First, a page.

ARA finalizes its new technical regulations for 2023

Reduced aerodynamics and turbo restrictor size are among the tweaks from the original proposal in May


Next year’s American Rally Association presented by DirtFish technical regulations have been finalized following lengthy consultation between ARA, its teams and its competitors.

As announced back in May, next year’s Open 4WD class cars will be scaled back, bringing them more in-line with the FIA’s global Rally2 formula.

That means that the Subaru WRX STIs Subaru Motorsports USA runs and the Hyundai i20 Coupe WRC that Hoonigan Racing Division has fielded this year will both be ineligible to compete in the ARA from 2023.


While there are no radical changes from the technical regulations proposed earlier this year, some subtle areas have been tweaked, including new restrictions to simplify aerodynamic modifications and also a reduction in turbo size from a 34mm to 33mm restrictor in O4WD.

“The biggest change in the rules are really in the Open classes, specifically the Open 4WD bodywork changes and some power changes,” explained ARA competition director, Preston Osborn.

“The big takeaway is the bodies are going to be much more simple as far as aerodynamics go. As exciting as the cars have looked in our series with some really exciting competition this year, really the feedback from a lot of teams has been that it’s not sustainable.


“Aerodynamics are exceptionally expensive to develop. The bodywork becomes very intricate so even the body pieces themselves are very expensive, so we’ve really worked to simplify that with the target being we want the O4WD class much closer to the Rally2 and RC2 cars that we’ve seen competing internationally worldwide.

“We’ve really done work to equalize those classes, so while they are a separate set of rules the performance potential of them should be very close.”

Changes aren’t limited to O4WD though, as from next year the vehicles in Limited 4WD will also need to run a 33mm restrictor.

“We have been looking at the data and seen the speeds, it’s really been a bit of a power creep,” said Osborn.

“So in L4WD, especially with 36mm restrictors, the horsepower those cars are capable of was maybe larger than expected when that rule was originally put in place so it’s kind of bringing those in line with the modern power targets that we’re shooting for.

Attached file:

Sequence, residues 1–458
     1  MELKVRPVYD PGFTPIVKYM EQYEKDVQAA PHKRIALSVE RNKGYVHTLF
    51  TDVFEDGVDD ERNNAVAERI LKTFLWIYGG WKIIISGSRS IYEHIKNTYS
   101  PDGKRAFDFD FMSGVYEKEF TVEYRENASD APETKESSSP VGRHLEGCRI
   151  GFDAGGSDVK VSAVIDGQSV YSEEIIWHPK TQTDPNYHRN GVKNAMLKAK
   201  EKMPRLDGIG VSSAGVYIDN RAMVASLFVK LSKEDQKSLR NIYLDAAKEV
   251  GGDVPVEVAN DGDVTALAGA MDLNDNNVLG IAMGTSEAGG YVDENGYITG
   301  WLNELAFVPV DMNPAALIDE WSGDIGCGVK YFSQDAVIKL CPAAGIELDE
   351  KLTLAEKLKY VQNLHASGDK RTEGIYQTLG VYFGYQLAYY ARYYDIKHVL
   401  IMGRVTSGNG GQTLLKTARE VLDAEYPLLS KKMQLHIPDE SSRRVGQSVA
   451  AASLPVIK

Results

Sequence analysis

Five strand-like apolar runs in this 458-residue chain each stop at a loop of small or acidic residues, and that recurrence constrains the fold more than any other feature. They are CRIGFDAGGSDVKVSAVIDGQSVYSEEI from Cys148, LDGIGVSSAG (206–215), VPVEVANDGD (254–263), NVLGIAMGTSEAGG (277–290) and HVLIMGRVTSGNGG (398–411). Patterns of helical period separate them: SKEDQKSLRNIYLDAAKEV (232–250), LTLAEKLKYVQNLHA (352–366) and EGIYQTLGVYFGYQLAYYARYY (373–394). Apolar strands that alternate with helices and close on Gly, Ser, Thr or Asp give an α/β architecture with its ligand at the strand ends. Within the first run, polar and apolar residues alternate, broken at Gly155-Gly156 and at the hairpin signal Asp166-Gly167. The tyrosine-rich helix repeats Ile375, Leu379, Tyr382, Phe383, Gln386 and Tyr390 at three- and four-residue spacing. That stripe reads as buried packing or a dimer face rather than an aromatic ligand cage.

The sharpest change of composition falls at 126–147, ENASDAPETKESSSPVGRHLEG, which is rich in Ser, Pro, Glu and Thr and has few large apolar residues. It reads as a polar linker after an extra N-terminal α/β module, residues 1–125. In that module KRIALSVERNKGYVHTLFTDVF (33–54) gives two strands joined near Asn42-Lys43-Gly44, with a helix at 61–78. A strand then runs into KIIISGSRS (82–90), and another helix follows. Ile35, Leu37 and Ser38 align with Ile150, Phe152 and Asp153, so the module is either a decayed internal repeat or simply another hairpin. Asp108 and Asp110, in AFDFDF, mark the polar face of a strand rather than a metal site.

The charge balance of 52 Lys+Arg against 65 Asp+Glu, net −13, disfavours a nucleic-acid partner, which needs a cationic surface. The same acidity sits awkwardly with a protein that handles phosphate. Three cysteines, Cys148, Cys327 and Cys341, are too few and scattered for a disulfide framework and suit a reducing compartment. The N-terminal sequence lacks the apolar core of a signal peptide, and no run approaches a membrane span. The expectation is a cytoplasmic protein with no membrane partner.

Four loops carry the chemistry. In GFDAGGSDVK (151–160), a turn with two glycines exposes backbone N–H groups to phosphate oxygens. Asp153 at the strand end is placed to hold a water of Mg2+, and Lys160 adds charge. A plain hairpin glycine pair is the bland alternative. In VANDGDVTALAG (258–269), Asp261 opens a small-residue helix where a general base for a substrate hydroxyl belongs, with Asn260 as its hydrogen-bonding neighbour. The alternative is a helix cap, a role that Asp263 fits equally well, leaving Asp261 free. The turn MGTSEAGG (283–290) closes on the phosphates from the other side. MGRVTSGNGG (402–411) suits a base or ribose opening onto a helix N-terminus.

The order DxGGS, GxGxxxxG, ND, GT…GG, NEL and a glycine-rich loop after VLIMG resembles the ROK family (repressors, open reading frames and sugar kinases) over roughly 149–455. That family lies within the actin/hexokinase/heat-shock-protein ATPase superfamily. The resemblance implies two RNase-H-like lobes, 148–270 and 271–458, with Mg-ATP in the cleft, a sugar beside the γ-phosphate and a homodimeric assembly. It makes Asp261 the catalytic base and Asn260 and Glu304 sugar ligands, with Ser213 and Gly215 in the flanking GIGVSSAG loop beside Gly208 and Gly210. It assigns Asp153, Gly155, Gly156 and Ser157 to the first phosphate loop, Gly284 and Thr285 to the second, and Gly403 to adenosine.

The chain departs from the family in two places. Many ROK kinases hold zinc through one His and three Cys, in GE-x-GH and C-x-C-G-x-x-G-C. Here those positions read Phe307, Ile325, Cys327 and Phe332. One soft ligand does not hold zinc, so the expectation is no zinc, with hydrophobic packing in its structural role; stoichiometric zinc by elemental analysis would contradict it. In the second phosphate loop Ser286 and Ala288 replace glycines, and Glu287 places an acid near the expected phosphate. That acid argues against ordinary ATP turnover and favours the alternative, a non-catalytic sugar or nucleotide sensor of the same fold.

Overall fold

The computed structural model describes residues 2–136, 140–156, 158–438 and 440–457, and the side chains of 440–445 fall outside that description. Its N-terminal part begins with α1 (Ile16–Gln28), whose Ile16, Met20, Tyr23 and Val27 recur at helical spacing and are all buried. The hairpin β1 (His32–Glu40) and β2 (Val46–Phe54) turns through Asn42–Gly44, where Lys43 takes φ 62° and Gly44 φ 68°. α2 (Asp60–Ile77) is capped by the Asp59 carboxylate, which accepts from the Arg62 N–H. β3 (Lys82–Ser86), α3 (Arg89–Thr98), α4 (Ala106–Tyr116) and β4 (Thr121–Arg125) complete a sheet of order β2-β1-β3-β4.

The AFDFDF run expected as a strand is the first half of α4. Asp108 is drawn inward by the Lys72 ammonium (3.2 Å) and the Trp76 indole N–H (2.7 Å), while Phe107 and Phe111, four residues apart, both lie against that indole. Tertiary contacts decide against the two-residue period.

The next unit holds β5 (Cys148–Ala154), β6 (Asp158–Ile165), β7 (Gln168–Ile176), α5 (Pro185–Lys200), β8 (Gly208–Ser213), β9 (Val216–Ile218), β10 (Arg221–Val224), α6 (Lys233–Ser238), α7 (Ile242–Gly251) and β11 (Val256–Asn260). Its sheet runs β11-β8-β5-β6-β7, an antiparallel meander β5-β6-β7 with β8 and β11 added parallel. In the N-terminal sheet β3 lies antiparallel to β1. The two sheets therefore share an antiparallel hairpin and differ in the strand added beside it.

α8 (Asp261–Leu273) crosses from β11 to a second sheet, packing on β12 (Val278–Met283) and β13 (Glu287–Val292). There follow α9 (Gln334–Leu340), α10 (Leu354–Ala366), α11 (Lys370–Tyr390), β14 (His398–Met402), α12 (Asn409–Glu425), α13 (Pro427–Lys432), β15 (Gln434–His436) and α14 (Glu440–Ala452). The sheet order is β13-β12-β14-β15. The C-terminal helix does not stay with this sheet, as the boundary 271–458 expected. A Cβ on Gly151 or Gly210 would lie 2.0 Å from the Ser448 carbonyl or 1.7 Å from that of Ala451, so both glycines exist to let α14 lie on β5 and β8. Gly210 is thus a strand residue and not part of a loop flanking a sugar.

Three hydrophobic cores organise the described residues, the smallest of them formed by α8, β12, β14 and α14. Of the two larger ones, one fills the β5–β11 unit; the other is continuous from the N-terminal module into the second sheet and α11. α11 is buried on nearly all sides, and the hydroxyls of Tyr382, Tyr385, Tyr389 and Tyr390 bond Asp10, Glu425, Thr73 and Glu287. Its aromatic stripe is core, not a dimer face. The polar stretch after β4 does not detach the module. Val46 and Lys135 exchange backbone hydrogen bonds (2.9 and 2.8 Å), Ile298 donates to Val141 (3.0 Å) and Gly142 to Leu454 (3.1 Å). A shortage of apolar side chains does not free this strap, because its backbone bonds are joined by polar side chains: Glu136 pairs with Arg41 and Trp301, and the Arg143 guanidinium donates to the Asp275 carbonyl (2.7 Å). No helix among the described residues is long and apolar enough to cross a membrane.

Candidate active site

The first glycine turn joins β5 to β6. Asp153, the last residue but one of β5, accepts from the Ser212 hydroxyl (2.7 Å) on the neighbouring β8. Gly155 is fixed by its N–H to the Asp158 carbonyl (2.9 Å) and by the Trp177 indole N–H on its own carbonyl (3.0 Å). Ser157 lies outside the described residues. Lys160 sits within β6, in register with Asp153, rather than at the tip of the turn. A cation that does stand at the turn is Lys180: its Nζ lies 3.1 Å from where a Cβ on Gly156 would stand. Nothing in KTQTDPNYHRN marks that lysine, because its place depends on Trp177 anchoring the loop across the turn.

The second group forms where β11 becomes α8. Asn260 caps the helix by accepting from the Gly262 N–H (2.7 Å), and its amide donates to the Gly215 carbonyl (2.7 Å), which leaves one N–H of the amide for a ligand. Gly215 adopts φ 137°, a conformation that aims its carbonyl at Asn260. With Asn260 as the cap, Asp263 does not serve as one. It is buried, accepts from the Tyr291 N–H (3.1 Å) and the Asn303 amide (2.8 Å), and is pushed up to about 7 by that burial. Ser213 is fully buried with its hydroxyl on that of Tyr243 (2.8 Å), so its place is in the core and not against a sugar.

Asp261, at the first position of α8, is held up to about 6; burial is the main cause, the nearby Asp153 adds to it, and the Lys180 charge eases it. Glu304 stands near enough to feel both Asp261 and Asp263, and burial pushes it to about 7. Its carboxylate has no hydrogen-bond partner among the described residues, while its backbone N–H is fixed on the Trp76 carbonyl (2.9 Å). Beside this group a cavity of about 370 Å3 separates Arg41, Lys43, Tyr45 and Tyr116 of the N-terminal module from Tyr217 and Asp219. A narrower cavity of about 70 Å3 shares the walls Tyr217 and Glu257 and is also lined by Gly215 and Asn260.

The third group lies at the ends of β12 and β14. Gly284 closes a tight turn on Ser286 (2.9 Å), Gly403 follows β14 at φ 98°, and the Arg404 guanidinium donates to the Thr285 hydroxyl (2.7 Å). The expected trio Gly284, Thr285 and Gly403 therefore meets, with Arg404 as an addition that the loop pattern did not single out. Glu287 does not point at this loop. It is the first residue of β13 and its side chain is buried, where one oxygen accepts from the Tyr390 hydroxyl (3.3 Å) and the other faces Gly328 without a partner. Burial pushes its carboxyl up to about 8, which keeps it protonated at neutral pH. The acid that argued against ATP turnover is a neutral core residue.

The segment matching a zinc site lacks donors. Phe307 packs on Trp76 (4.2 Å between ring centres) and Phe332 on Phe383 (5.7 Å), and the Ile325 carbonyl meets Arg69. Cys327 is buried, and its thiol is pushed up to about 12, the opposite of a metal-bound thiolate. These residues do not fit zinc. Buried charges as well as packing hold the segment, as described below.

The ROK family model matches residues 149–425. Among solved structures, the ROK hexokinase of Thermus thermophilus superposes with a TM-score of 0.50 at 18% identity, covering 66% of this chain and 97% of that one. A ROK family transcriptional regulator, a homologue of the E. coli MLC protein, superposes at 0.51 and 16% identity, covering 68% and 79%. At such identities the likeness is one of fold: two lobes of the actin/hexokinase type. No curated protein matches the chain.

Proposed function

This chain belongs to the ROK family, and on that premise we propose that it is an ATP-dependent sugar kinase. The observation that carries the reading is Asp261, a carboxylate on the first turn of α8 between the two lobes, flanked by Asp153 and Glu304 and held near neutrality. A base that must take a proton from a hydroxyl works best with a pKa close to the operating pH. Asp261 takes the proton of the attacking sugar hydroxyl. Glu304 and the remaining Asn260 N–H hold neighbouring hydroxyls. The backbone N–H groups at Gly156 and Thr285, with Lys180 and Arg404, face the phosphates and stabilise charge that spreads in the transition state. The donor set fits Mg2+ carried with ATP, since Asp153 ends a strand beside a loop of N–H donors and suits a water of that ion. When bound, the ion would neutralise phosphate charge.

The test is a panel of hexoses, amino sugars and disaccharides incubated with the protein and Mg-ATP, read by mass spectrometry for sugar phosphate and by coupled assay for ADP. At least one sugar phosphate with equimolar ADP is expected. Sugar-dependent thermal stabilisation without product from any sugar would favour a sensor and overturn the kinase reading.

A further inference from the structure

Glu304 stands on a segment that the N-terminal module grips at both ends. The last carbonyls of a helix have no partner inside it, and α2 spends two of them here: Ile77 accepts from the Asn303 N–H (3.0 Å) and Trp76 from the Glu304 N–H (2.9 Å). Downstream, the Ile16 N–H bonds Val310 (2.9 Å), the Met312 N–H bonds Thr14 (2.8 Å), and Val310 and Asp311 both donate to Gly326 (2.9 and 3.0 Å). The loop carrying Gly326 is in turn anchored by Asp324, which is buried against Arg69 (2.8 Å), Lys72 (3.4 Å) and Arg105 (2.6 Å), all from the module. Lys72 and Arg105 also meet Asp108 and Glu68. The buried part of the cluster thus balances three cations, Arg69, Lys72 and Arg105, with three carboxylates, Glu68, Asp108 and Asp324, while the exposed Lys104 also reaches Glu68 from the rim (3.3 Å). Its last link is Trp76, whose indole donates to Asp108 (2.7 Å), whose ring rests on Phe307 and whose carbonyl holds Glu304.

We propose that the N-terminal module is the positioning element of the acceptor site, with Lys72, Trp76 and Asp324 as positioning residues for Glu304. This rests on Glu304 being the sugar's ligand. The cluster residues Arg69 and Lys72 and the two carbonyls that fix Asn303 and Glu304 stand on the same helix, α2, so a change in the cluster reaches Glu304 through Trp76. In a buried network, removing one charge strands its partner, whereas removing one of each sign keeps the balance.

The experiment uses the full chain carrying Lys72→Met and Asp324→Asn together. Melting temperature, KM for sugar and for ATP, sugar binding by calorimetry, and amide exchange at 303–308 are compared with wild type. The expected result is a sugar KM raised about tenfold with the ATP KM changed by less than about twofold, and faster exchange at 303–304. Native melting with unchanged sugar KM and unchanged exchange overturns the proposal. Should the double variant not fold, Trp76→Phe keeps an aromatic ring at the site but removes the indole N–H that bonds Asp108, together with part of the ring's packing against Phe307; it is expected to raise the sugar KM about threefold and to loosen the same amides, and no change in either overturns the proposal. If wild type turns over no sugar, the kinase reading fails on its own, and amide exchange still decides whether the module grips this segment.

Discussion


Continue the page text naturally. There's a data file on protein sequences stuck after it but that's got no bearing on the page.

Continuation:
“So those will also be a 33mm restrictor.”

Another key change in the L4WD category is the introduction of Rally3 cars, which so far have been forced to compete in O4WD and simply been outgunned by the more powerful, far less restricted machines in the class.

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Osborn said: “As the Rally3 cars have started to compete worldwide we weren’t quite sure how and when we’d start to see them here in the US, and we’ve gotten more interest than expected with those cars coming in.

“It’s still not quite to the point where we can have them as their own class or their own cup, but looking at the performance potential of those cars they’re pretty similar to what we have with our L4WD cars now and so they’ll compete within that class.

“Of course they have to stay within the FIA rules to compete as a Rally3 car, but as long as they meet those homologation rules they can compete in L4WD.”

Finally, those competing in any of the ARA Regional championships – ARA Central, ARA East or ARA West – will have longer to make their cars comply with the new technical ruleset due to the smaller budget of the competitors.


“We are of course mindful of the Regional classes, and we know their budgets are a bit different so we are giving them a year’s leeway,” Osborn reasoned.

“So in 2023 the Regional classes can run their restrictors as they are currently, and then 2024 they’ll be the same as National classes.”

A full rundown of the revised regulations can be viewed on the championship’s website.